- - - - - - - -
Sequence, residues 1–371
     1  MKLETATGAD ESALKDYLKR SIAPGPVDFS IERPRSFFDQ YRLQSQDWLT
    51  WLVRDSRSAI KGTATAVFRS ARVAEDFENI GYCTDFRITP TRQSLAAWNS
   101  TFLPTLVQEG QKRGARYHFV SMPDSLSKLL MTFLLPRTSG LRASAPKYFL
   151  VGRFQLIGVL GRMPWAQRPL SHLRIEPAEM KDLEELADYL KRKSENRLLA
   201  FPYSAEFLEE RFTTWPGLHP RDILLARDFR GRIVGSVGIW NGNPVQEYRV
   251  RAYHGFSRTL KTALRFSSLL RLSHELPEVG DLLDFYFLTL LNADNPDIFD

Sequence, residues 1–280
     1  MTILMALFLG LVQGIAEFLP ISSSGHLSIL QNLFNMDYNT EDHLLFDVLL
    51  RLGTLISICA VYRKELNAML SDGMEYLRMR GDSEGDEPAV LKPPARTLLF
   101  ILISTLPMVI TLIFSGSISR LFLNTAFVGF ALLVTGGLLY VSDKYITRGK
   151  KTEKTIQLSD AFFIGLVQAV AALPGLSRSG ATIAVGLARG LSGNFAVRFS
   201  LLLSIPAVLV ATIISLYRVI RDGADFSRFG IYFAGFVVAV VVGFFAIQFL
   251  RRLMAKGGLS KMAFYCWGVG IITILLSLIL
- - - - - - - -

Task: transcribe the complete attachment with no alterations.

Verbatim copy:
Sequence, residues 1–371
     1  MKLETATGAD ESALKDYLKR SIAPGPVDFS IERPRSFFDQ YRLQSQDWLT
    51  WLVRDSRSAI KGTATAVFRS ARVAEDFENI GYCTDFRITP TRQSLAAWNS
   101  TFLPTLVQEG QKRGARYHFV SMPDSLSKLL MTFLLPRTSG LRASAPKYFL
   151  VGRFQLIGVL GRMPWAQRPL SHLRIEPAEM KDLEELADYL KRKSENRLLA
   201  FPYSAEFLEE RFTTWPGLHP RDILLARDFR GRIVGSVGIW NGNPVQEYRV
   251  RAYHGFSRTL KTALRFSSLL RLSHELPEVG DLLDFYFLTL LNADNPDIFD

Sequence, residues 1–280
     1  MTILMALFLG LVQGIAEFLP ISSSGHLSIL QNLFNMDYNT EDHLLFDVLL
    51  RLGTLISICA VYRKELNAML SDGMEYLRMR GDSEGDEPAV LKPPARTLLF
   101  ILISTLPMVI TLIFSGSISR LFLNTAFVGF ALLVTGGLLY VSDKYITRGK
   151  KTEKTIQLSD AFFIGLVQAV AALPGLSRSG ATIAVGLARG LSGNFAVRFS
   201  LLLSIPAVLV ATIISLYRVI RDGADFSRFG IYFAGFVVAV VVGFFAIQFL
   251  RRLMAKGGLS KMAFYCWGVG IITILLSLIL